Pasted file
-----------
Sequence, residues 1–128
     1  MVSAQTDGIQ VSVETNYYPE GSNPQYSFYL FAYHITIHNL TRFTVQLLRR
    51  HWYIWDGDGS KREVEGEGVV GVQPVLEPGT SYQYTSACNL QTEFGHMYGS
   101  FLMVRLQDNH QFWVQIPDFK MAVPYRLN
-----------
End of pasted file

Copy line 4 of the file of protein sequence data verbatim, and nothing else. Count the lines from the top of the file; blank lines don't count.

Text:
   101  FLMVRLQDNH QFWVQIPDFK MAVPYRLN